Title

Neural networks for legal quantum prediction

Publisher

University of British Columbia

Date Issued

2009

Document Type

Thesis

Degree

Master of Laws - LLM

Program

Law

Description

This thesis argues that Artificial Neural Networks (ANN's) have applications within the domain of law and can be built using readily available Artificial Intelligence software for the Personal Computer. In order to demonstrate this, I have built working ANN's using data made available to me by the Faculty of Law Artificial Intelligence Research Project (FLAIR) and Windows™-based ANN software that is commercially available. The reasons for building a system are three-fold. First, a working system is the most graphic demonstration of my above assertion. Secondly, given my background as a practitioner in law, I am concerned to ensure the quick, efficient movement of law-related technology from research laboratory to marketplace. Thirdly, the building of a neural network avails me with the opportunity to analyze comparatively the performance of the ANN's with statistical and expert system models which used the same data and were also built at the FLAIR project. The theoretical foundation for this thesis is the view that, although many legal decisions are often reducible to a set of doctrines, policies or sub-doctrinal rules, certain domains of legal decision-making evade analysis using a rule-based paradigm. Thus, although relational patterns between any given facts and the law exist, they cannot always be described. Therefore in order to build "intelligent" computer programs that can assist the lawyer in his or her work, we should explore the potential of and utilize those tools that can find relational patterns automatically. Having done this, we should attempt to combine the same with those software tools that we understand more fully, namely expert systems and traditional programming methods. The use of hybrid neural network/expert system programs is well developed in many other domains. Legal researchers, however, have yet to even thoroughly examine neural networks as an isolated technology. This thesis is an attempt to right this imbalance.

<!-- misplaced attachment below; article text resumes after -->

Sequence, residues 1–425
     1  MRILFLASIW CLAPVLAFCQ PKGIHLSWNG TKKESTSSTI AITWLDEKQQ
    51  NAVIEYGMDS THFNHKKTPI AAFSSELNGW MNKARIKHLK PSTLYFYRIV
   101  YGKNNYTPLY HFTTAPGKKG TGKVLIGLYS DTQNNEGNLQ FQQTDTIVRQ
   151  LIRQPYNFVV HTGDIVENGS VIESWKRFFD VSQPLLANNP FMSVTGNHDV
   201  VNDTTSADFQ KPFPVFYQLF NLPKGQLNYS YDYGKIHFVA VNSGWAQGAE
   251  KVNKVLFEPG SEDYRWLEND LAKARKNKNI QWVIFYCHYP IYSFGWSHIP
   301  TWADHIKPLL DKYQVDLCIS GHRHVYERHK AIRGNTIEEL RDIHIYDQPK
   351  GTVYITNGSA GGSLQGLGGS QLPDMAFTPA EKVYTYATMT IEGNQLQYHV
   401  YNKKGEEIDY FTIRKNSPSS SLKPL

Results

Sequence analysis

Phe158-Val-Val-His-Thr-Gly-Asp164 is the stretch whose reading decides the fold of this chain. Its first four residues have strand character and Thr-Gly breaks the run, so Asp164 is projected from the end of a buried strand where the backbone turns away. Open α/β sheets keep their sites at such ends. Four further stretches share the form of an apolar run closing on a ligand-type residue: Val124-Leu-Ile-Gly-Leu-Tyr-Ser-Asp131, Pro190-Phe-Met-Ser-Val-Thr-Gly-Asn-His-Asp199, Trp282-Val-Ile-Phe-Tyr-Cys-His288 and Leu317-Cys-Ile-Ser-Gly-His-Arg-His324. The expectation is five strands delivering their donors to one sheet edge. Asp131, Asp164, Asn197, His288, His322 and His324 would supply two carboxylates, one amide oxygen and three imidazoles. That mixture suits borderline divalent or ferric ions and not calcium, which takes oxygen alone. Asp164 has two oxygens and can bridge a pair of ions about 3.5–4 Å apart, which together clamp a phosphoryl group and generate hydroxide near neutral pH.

Date Available

2009-01-09

Rights

For non-commercial purposes only, such as research, private study and education. Additional conditions apply, see Terms of Use https://open.library.ubc.ca/terms_of_use.

DOI

10.14288/1.0077428

Affiliation

Law, Peter A. Allard School of

ID

1.0077428

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